The Tall Guy Before he grew his hair long and acquired some matinee-idol cachet in The Fly , Jeff Goldblum played nerds — bug-eyed, hyperkinetic nerds in love… The Tall Guy Before he grew his hair long and acquired some matinee-idol cachet in The Fly , Jeff Goldblum played nerds — bug-eyed, hyperkinetic nerds in love… R PT92M Comedy Romance Jeff Goldblum Rowan Atkinson Emma Thompson Miramax
Movie Review

The Tall Guy (1990)

MPAA Rating: R
EW's GRADE
B-

Details Rated: R; Length: 92 Minutes; Genres: Comedy, Romance; With: Jeff Goldblum; Distributor: Miramax

Before he grew his hair long and acquired some matinee-idol cachet in The Fly, Jeff Goldblum played nerds — bug-eyed, hyperkinetic nerds in love with their own neuroses. In The Tall Guy, Goldblum returns to nerdhood, only this time he's playing a genuinely shy and awkward cretin. His Dexter King is a stumblebum American actor who has spent years playing second banana in the same stupid London comedy revue. He has also been through so many lame romances that he can barely muster the confidence to approach anyone new.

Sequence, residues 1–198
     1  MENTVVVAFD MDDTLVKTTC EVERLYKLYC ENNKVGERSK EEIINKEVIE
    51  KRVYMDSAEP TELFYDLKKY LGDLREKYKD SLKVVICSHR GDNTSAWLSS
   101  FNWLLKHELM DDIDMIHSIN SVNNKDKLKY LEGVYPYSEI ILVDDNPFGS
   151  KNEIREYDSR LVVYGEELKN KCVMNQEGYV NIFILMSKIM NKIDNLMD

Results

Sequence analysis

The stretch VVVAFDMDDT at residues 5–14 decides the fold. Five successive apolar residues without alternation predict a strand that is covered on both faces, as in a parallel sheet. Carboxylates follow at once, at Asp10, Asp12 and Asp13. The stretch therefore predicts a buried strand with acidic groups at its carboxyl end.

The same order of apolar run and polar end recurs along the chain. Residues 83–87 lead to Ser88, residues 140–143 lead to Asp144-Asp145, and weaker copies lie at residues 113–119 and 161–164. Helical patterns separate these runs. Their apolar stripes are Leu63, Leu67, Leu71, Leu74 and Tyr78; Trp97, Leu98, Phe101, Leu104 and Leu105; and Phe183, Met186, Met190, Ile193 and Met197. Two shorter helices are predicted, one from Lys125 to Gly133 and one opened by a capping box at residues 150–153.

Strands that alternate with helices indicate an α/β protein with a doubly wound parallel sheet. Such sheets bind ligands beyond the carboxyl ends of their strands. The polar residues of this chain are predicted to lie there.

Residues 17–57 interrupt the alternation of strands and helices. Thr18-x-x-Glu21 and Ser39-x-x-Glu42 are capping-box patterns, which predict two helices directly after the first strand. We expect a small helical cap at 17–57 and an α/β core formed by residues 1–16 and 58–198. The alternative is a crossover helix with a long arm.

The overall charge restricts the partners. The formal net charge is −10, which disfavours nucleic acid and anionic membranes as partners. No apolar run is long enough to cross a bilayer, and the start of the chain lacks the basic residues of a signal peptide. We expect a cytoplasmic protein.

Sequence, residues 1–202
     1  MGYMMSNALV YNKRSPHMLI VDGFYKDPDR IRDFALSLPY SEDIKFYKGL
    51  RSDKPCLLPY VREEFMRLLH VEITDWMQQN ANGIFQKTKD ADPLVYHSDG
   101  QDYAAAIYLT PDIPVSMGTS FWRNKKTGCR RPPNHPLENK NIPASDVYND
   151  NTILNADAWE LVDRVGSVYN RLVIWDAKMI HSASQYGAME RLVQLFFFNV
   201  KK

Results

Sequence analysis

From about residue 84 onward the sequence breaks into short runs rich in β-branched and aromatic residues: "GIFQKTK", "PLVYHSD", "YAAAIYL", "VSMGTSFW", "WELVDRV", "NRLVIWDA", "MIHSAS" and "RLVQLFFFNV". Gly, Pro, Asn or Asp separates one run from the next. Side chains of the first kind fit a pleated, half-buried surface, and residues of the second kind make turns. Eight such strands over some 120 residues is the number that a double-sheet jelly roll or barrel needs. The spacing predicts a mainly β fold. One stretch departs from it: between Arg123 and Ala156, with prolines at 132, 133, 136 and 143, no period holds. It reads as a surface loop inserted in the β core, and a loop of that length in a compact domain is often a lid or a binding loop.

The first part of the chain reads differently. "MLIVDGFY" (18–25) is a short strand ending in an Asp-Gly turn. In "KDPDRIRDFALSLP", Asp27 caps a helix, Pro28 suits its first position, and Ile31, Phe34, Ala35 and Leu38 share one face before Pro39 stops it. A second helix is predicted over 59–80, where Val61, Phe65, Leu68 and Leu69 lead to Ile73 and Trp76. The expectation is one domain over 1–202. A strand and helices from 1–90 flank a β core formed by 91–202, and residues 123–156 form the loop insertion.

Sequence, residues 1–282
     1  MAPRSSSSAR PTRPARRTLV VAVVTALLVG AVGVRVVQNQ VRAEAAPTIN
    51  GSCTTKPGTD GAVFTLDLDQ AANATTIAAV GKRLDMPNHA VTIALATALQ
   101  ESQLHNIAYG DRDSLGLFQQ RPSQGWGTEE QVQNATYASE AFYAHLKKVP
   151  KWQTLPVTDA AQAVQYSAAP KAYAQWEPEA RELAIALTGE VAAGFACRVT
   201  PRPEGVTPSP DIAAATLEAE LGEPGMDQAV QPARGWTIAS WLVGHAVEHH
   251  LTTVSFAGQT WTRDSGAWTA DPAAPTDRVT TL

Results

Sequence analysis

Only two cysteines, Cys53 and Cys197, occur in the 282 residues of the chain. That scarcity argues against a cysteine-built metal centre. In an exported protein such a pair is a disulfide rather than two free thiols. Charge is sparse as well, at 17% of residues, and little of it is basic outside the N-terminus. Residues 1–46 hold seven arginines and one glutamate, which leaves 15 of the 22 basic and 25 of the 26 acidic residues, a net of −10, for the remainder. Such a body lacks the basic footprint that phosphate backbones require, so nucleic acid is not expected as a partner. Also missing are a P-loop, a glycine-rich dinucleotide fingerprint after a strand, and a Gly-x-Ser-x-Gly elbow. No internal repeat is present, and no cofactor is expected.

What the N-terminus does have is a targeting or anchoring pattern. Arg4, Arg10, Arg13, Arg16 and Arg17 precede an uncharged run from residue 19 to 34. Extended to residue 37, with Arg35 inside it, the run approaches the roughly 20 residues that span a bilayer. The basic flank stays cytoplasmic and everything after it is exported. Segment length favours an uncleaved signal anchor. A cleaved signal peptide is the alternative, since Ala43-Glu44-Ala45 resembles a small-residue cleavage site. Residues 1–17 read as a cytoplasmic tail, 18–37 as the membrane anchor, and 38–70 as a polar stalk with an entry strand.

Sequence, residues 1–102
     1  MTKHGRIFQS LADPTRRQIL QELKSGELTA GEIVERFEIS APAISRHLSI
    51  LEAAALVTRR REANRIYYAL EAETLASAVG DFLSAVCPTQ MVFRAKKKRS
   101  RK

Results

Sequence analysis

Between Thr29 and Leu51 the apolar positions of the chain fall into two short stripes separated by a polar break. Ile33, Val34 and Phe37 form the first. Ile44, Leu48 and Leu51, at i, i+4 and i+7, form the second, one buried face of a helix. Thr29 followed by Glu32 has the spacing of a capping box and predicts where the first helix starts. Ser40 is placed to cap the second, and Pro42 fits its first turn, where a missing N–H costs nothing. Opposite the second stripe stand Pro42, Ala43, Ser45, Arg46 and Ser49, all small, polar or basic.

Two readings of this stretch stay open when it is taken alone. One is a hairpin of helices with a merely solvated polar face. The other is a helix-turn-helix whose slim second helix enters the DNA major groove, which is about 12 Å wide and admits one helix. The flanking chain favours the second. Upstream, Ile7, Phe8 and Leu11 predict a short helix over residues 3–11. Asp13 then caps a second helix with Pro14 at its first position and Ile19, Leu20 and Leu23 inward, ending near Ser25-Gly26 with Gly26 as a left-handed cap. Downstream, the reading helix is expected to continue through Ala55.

All of this changes when a) he meets a pretty, no-nonsense nurse (Julie Andrews look-alike Emma Thompson) whose idea of fun is leapfrogging into bed on the first date, and b) his height and natural-born ''tragic'' air win him the lead in a musical version of The Elephant Man. As born-again nerd romances go, The Tall Guy is mildly charming and mostly too broad. The movie overplays Dexter's dorkiness in the same way it overplays the big sex scene, the romantic montage, the breakup sceneā€¦

On the bright side, director Mel Smith provides some wonderfully scathing show-biz satire. The Elephant Man musical is an uproarious send-up of Andrew Lloyd Webber's high-glitz earnestness, complete with doleful-yet-bouncy tunes and a chorus of dancing pachyderms; only in the contemporary theater world could this sort of impassioned vulgarity get passed off as ''prestige.'' In addition, the movie comes to life whenever Rowan Atkinson shows up as Goldblum's stage partner, an impishly vitriolic British comedian stewing in his own petty vanity. Next time out, director Smith would do well to spend an entire movie goosing the London theater scene he obviously knows to the core. B-

Originally posted Sep 28, 1990 Published in issue #33 Sep 28, 1990 Order article reprints
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